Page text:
Copyright © Aalto University

If you have a comment, please Contact us.

Issuers of news releases, not 7th Wave, Inc. or Nanotechnology Now, are solely responsible for the accuracy of the content.

Bookmark:
Delicious Digg Newsvine Google Yahoo Reddit Magnoliacom Furl Facebook

Related Links

Research article: T.K. Hakala, H.T. Rekola, A.I. Väkeväinen, J.-P. Martikainen, M. Nečada, A.J. Moilanen, P. Törmä. Lasing in dark and bright modes of a finite-sized plasmonic lattice. DOI:10.1038/NCOMMS13687:

Quantum Dynamics research group:

Centre of Excellence in Computational Nanoscience, COMP:

Micronova:

Related News Press

News and information

Quantum twisted Loong confirms the physical reality of wavefunctions September 23rd, 2017

Application of air-sensitive semiconductors in nanoelectronics: 2-D semiconductor gallium selenide in encapsulated nanoelectronic devices September 22nd, 2017

Researchers set time limit for ultrafast perovskite solar cells September 22nd, 2017

DNA triggers shape-shifting in hydrogels, opening a new way to make 'soft robots' September 21st, 2017

Physicists develop new recipes for design of fast single-photon gun Physicists develop high-speed single-photon sources for quantum computers of the future September 21st, 2017

Videos/Movies

DNA triggers shape-shifting in hydrogels, opening a new way to make 'soft robots' September 21st, 2017

Wireless/telecommunications/RF/Antennas/Microwaves

GLOBALFOUNDRIES Announces Availability of mmWave and RF/Analog on Leading FDX™ FD-SOI Technology Platform: Technology solution delivers ‘connected intelligence’ to next generation high-volume wireless and IoT applications with lower power and significantly reduced cost September 20th, 2017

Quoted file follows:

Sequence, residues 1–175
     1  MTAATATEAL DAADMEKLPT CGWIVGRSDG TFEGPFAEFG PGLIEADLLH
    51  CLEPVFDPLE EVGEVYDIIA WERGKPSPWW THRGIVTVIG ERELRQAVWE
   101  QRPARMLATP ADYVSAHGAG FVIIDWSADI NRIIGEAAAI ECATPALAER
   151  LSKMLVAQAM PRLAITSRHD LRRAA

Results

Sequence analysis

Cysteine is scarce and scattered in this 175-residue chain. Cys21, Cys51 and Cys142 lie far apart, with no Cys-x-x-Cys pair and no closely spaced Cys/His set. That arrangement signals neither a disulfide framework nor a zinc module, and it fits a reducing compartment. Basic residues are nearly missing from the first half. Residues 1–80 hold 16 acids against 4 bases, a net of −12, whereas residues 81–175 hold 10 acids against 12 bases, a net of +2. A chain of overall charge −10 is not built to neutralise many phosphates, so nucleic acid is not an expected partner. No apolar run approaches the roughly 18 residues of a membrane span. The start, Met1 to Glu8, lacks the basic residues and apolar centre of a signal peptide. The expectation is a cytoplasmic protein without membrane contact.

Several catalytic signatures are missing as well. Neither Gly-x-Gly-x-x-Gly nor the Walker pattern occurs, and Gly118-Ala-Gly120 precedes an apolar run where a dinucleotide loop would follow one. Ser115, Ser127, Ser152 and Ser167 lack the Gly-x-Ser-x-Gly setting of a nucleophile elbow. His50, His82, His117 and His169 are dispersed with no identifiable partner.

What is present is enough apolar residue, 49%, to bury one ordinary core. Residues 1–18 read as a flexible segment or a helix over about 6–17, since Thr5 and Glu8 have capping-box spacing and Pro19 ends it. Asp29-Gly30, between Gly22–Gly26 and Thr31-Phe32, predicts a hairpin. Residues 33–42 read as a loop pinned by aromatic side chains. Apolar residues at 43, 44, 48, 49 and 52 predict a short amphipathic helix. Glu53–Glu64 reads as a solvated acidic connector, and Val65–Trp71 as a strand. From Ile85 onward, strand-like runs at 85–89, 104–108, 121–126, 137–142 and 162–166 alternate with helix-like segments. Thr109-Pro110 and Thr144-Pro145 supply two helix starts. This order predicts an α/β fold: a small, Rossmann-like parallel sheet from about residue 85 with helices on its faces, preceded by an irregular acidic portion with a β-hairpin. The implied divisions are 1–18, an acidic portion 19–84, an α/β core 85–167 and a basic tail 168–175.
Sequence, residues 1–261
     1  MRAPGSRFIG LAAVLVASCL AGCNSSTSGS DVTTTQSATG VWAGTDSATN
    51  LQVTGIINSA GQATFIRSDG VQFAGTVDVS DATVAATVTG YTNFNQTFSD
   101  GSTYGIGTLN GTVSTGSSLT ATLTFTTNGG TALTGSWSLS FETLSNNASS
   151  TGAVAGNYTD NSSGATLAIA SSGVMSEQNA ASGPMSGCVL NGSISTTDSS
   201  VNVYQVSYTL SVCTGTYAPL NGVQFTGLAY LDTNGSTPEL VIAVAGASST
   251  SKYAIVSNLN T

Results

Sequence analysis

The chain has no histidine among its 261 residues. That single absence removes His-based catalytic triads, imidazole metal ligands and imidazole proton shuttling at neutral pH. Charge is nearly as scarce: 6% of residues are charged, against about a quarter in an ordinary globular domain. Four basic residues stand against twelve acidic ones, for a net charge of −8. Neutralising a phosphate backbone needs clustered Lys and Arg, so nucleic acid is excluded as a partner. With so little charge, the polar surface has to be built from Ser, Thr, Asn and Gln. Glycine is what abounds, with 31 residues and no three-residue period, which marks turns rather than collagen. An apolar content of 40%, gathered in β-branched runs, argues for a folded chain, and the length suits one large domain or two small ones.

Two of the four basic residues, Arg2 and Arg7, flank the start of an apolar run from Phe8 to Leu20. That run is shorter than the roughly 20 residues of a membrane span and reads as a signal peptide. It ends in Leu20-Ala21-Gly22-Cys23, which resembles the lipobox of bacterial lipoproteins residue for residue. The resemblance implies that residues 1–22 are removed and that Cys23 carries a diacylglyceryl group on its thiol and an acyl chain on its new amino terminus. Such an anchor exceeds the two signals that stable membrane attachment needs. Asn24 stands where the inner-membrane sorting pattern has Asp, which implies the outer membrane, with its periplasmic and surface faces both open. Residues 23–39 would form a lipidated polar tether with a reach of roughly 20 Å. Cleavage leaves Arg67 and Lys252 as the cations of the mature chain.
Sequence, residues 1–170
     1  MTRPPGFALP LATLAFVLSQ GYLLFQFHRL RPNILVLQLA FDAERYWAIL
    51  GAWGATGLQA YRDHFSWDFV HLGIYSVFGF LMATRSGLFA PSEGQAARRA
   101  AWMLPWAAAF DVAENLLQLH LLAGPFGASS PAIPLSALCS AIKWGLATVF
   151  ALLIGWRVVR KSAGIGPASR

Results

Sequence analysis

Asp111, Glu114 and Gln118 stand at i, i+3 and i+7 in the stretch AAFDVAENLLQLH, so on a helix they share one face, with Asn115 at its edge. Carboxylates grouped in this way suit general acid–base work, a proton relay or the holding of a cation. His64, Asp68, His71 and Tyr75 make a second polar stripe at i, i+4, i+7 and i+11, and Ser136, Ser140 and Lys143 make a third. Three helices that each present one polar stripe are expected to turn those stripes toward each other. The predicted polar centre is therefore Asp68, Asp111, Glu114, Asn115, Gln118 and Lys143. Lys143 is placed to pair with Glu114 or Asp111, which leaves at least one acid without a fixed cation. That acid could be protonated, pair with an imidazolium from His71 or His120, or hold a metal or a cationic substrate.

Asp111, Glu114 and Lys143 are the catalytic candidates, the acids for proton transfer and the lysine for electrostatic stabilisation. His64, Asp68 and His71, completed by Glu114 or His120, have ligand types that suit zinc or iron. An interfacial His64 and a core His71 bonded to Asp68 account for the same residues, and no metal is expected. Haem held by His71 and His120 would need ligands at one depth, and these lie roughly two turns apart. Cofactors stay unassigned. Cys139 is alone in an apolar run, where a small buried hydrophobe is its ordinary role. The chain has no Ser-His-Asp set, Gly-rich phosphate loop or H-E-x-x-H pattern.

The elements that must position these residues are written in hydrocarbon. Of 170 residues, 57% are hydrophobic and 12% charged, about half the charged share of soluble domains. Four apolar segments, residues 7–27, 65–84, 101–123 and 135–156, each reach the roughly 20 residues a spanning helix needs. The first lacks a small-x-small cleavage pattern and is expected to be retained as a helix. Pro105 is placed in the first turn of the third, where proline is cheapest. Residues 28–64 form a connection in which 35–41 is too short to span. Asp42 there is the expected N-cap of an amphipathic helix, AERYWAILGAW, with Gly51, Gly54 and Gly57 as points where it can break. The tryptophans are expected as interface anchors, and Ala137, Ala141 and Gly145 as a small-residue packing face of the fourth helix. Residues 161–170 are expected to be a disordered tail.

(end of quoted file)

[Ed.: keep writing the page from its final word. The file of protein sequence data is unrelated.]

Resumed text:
GLOBALFOUNDRIES Delivers 8SW RF SOI Technology for Next-Generation Mobile and 5G Applications: Advanced 8SW 300mm SOI technology enables cost-effective, high-performance RF front-end modules for 4G LTE mobile and sub-6GHz 5G applications September 20th, 2017

GLOBALFOUNDRIES Unveils Vision and Roadmap for Next-Generation 5G Applications: Technology platforms are uniquely positioned to enable a new era of ‘connected intelligence’ with the transition to 5G September 20th, 2017

GLOBALFOUNDRIES Introduces New 12nm FinFET Technology for High-Performance Applications September 20th, 2017

Possible Futures

Application of air-sensitive semiconductors in nanoelectronics: 2-D semiconductor gallium selenide in encapsulated nanoelectronic devices September 22nd, 2017

Researchers set time limit for ultrafast perovskite solar cells September 22nd, 2017

DNA triggers shape-shifting in hydrogels, opening a new way to make 'soft robots' September 21st, 2017

Physicists develop new recipes for design of fast single-photon gun Physicists develop high-speed single-photon sources for quantum computers of the future September 21st, 2017

Chip Technology

Application of air-sensitive semiconductors in nanoelectronics: 2-D semiconductor gallium selenide in encapsulated nanoelectronic devices September 22nd, 2017

Physicists develop new recipes for design of fast single-photon gun Physicists develop high-speed single-photon sources for quantum computers of the future September 21st, 2017

GLOBALFOUNDRIES Delivers 8SW RF SOI Technology for Next-Generation Mobile and 5G Applications: Advanced 8SW 300mm SOI technology enables cost-effective, high-performance RF front-end modules for 4G LTE mobile and sub-6GHz 5G applications September 20th, 2017